In Rainbow Petroleum Co. v. Union Drilling & Petroleum Co., 115 Cal. App. 275 [1 P.2d 489], an action was brought by the bailor of piping against the bailee for the rental due under the written contract executed by the parties. Despite the bailee's defense that the piping was defective and that therefore the bailor breached an implied warranty relating to the quality of the piping, the trial court awarded judgment to the plaintiff-bailor for the rental due. That judgment was affirmed on appeal, the court concluding that no implied warranties existed under the facts of that case. We note with interest, however, that in reaching this conclusion the appellate court made no mention of section 1955, which has existed in the Civil Code since 1872; rather its conclusion was predicated upon the law with regard to warranties in sales transactions as that law existed at the time Rainbow was decided, i.e., prior to the adoption of section 1735. Thus, although as a result of California's adoption of section 1735 in 1931 the law with regard to such warranties in sale transactions has been changed since the Rainbow case, this case seems to suggest that the law with relation to implied warranties in bailment contracts should by analogy be the same as that with regard to implied warranties in sale contracts.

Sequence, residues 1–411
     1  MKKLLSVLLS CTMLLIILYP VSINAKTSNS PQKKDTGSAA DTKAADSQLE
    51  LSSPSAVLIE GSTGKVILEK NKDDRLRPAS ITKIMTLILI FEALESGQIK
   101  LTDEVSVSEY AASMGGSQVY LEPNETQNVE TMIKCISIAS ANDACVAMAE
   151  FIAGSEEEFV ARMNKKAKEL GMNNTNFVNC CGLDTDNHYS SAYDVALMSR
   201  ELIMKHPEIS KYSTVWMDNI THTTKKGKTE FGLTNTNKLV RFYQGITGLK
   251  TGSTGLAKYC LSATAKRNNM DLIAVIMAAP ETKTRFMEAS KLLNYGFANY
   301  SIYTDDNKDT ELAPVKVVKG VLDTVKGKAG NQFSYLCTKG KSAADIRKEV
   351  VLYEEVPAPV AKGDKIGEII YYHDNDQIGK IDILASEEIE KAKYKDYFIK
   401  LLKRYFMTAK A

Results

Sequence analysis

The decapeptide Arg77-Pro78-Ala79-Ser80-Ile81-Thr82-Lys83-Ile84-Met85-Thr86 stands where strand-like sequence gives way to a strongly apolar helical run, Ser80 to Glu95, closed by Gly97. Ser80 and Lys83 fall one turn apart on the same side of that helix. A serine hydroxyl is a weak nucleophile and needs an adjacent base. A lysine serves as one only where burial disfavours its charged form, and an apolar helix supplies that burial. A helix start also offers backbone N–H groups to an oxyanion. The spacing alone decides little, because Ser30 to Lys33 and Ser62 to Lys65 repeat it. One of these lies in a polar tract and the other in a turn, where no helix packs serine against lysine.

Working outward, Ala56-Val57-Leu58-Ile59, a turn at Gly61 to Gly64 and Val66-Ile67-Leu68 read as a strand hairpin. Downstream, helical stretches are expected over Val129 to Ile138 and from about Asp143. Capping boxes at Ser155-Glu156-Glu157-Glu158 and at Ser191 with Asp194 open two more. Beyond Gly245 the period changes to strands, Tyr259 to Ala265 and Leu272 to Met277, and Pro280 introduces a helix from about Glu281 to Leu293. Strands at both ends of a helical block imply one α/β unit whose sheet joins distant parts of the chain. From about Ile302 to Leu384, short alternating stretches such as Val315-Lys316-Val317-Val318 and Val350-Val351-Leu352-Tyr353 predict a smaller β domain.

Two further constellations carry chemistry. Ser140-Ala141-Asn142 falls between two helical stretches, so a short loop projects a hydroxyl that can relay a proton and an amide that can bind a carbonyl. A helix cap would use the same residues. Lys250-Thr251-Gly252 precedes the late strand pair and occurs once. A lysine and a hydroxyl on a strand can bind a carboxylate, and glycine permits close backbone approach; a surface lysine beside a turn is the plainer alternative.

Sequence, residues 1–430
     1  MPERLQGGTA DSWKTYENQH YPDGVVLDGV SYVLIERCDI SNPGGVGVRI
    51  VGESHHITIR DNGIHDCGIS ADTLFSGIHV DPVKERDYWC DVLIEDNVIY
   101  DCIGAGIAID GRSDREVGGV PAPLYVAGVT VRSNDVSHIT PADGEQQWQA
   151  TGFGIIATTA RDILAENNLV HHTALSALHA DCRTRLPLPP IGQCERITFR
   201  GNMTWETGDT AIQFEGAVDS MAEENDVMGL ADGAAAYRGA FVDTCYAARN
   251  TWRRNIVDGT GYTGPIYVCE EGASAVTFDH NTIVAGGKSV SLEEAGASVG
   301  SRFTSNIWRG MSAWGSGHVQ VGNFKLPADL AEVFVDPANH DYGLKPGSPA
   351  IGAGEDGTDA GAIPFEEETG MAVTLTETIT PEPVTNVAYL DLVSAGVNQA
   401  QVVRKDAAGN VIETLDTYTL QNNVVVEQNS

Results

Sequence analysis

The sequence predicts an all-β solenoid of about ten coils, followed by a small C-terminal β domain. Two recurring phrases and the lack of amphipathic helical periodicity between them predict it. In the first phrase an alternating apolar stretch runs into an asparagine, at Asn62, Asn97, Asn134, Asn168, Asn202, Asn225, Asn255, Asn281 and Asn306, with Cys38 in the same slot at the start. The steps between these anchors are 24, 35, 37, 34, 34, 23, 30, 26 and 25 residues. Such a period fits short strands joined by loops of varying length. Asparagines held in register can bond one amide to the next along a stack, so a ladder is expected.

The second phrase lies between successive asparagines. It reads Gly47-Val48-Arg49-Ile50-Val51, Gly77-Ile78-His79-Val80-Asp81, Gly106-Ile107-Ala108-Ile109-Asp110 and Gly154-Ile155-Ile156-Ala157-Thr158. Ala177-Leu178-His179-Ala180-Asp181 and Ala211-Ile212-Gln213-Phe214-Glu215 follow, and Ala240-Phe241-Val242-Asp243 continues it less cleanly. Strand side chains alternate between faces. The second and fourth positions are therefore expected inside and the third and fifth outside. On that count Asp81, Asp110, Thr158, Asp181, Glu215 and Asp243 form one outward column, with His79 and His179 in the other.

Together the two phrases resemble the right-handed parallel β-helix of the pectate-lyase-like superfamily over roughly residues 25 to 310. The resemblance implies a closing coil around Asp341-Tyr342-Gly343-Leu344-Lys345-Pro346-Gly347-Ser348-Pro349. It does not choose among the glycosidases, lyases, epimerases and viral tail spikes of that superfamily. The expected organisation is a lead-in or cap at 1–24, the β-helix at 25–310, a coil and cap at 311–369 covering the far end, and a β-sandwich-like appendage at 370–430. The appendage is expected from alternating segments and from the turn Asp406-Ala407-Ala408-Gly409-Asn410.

In jurisdictions outside of California there is considerable authority indicating that it is the general rule that, aside from statute and based upon the common law, the concept of warranties arising by implication of law does have a place in bailment contracts, and that the warranties which are implied in bailments are analogous to those imposed in sales or contracts of sale. (See 8 Am.Jur.2d, Bailments, § 144, p. 1039; 8 C.J.S., Bailments, § 25, p. 380; 31 A.L.R. 541; 68 A.L.R.2d 854; 57 Colum.L.Rev. 653, 655; 2 Vand.L.Rev. 675, 678; [252 Cal. App. 2d 872] 4 Williston, Contracts (rev. ed.) § 1041; Hartford Battery Sales Corp. v. Price, 119 Pa.Super. 165 [181 A. 95, 98]; Hatten Machinery Co. v. Bruch, 59 Wn.2d 757 [370 P.2d 600, 602- 603]; Milwaukee Tank Works v. Metals Coating Co. 196 Wis. 191 [218 N.W. 835, 836]; Standard Oil Co. of New York v. Boyle, 231 App.Div. 101 [246 N.Y.S. 142, 144]; Demos Const. Co. v. Service Supply Corp., 153 Pa.Super. 623 [34 A.2d 828, 829-830]; Hoisting Engine Sales Co. v. Hart, 237 N.Y. 30 [142 N.E. 342, 344, 31 A.L.R. 536]; Levin v. Siver, 27 Ill.App.2d 134 [169 N.E.2d 156].) Some of the cases cite statutes and cases dealing with implied warranties in the law of sales (Pennsylvania R. Co. v. J. Jacob Shannon & Co., 363 Pa. 438 [70 A.2d 321, 324]; Demos Const. Co. v. Service Supply Corp., supra; Hoisting Engine Sales Co. v. Hart, supra); others refuse to impose an implied warranty where such warranty would not arise under sales law, e.g., where the bailee has inspected the goods (Gaffey v. Forgione & Romano Co., 126 Me. 220 [137 A. 218, 219]; Electrical Advertising, Inc. v. Sakato, 94 Ariz. 68 [381 P.2d 755, 757]; 68 A.L.R.2d 859; 31 A.L.R. 544), where the selection of goods is made by the bailee (Pennsylvania R. Co., v. J. Jacob Shannon & Co., supra; Gaffey v. Forgione & Romano Co., supra; 68 A.L.R.2d 861), where the goods are leased under their trade or patent name (Pennsylvania R. Co. v. J. Jacob Shannon & Co., supra; Demos Const. Co. v. Service Supply Corp., supra; Sebastianelli v. Frank, 108 Pa.Super. 550 [165 A. 664, 665]), or where the bailee does not rely on the bailor's skill or judgment (Electrical Advertising, Inc. v. Sakato, supra).